The mouth is the gateway to the rest of your body and your health. What you eat influences your oral health as well as systemic health. In your mouth, a diet high in sugar, acid and processed foods leads to tooth decay and gum disease. As these foods continue down the digestive track, they will also negatively impact the rest of the digestive track. These non-nutrient-dense foods are said to cause shifts in our bacterial make up called the microbiome(needs hyperlink) (https://depts.washington.edu/ceeh/downloads/FF_Microbiome.pdf) and result in an unhealthy bacterial imbalance called dysbiosis (needs hyperlink)( https://www.verywellhealth.com/what-is-intestinal-dysbiosis-1945045). Dysbiosis can and will happen at all points in the digestive tract, and will result in a variety of conditions based on the location of the imbalance.
Disease of the Upper GI tract. After a meal, food travels down the esophagus to the stomach. Large meals that sit in the stomach can cause contents to back up into the lower esophagus and lead to acid reflux and GERD. Both conditions have been linked to Barrett’s Esophagus (needs hyperlink) (https://www.mayoclinic.org/diseases-conditions/barretts-esophagus/symptoms-causes/syc-20352841) and lower esophageal cancer. People with chronic GERD symptoms often take medications called proton pump inhibitors (needs hyperlink) (https://healthblog.uofmhealth.org/health-management/it-safe-to-take-ppis-a-gastroenterologist-explains-risks) to control acid. However, long-term use of these may linked to more serious medical problems. Large meals that increase stomach acid production can also cause a shift in bacterial leading to ulcers, or H. Pylori infections (needs hyperlink) (https://www.biokplus.com/blog/en_CA/gut-health/understanding-peptic-ulcers-h-pylori-and-the-connection-to-gut-dysbiosis).
Diseases of the Gut. When food passes through the stomach and enters the small intestine, the digestion process becomes more complex. In order to process food, organs such as the liver, gallbladder and pancreas first have to provide certain metabolic products to help the body absorb nutrients from what was eaten. When meals are high in sugar and processed carbohydrates, these organs must work hard to help in the digestive process. The chronic high demand of such diets has been associated with diabetes, pancreatic cancer and fatty liver. Other chronic diseases resulting from this type of diet include high cholesterol, high blood pressure, obesity and cardiovascular disease. Specific upper gastrointestinal diseases have also been linked to highly processed and sugary diets include Irritable Bowel Syndrome (needs hyperlink) (https://www.verywellhealth.com/what-is-intestinal-dysbiosis-1945045), appendicitis (needs hyperlink) (https://fruitsandveggies.org/stories/buzz-appendix-role-gut-health/) and cholecystitis (needs hyperlink) (https://www.mayoclinic.org/diseases-conditions/cholecystitis/symptoms-causes/syc-20364867).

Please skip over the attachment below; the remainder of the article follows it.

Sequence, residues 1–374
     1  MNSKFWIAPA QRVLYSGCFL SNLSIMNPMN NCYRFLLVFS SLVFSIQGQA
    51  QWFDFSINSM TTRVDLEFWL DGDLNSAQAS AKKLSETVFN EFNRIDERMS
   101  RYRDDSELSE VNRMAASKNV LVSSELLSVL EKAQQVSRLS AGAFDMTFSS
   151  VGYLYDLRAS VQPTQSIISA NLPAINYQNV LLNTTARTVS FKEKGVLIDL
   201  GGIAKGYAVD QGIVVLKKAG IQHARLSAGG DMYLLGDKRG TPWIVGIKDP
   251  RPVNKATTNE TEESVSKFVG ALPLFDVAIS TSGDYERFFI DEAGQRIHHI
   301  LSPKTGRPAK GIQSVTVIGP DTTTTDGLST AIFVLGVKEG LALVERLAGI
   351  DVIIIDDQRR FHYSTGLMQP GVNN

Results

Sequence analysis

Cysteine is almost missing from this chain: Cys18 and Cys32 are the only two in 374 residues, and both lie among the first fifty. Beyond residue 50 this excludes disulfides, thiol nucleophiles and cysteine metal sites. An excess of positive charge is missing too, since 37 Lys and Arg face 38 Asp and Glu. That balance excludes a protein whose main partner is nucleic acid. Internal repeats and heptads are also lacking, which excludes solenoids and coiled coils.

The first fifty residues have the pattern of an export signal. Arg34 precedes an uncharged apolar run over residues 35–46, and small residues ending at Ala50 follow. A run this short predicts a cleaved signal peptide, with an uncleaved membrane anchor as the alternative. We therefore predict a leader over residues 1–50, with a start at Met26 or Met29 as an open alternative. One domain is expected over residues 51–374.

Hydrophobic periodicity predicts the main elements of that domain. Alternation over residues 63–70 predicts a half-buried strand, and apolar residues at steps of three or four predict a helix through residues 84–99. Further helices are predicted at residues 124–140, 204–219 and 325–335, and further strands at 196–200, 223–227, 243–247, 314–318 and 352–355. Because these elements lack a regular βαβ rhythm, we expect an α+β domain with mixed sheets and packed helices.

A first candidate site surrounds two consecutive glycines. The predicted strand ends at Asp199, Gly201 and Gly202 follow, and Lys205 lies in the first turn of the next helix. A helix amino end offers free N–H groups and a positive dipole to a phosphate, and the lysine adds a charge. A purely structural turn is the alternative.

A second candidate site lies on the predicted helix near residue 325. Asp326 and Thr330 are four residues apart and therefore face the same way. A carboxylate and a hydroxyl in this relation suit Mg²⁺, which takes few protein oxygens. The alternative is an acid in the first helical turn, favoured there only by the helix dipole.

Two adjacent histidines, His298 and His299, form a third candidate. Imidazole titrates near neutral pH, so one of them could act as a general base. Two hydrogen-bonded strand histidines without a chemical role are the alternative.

Gastrointestinal diseases of the lower gut make up the Three C’s: Crohn’s Disease (needs hyperlink) (https://www.crohnscolitisfoundation.org/what-is-crohns-disease), Colitis (needs hyperlink) (https://www.mayoclinic.org/diseases-conditions/ulcerative-colitis/symptoms-causes/syc-20353326), and Celiac Disease (needs hyperlink) (https://www.mayoclinic.org/diseases-conditions/celiac-disease/symptoms-causes/syc-20352220). All three of these conditions are associated with a “leaky gut” in which certain foods cause microscopic tears in the lining of intestines leading to microbial shifts and infections.
(include infographic of entire GI tract from “mouth to butt”)
Hydration is often an overlooked part of nutrition. Did you know that by the time a person is thirsty, there is already tissue damage in several organ systems in the body? Human beings are 60% water content. Every cell in our body requires water in order to function properly at all times. Lack of adequate hydration, or dehydration, can have pretty severe consequences such as dry mouth, high blood pressure, headaches, heart damage and kidney failure. Conversely, adequate hydration leads to good skin and healthy aging. It is thought that 90% of people do not hydrate adequately. Drinking enough water is one of the easiest, least expensive ways to ensure good health. Experts recommend drinking half your body weight in ounces.
Good nutrition is good health. Good eating habits lead to aging well and longer life. A diet that rich with vitamins and nutrients, along with a regular exercise program, will fuel your body for peak performance, beginning in youth and extending throughout the life cycle. Ueno Center is committed to helping you achieve health living through good nutrition. Chronic disease such as high blood pressure, diabetes, high cholesterol, obesity and inflammation can often be reversed through good nutrition. Recent diet trends each have their benefits and drawbacks. It is best to seek advisement before embarking on a new diet to make sure it is the best plan for your personalized health status. [We are proud to provide a path for our patients to achieve healthier living through good nutrition with our Eating for Life Program.]
The Water in You https://www.usgs.gov/special-topic/water-science-school/science/water-you-water-and-human-body?qt-science_center_objects=0#qt-science_center_objects
Drink before You’re Thirsty https://www.mayoclinic.org/want-to-stay-hydrated-drink-before-youre-thirsty/art-20390077
Anti-Inflammatory Eating https://youtu.be/66VdylXI0nQ
Food For Thought https://www.youtube.com/watch?v=awtmTJW9ic8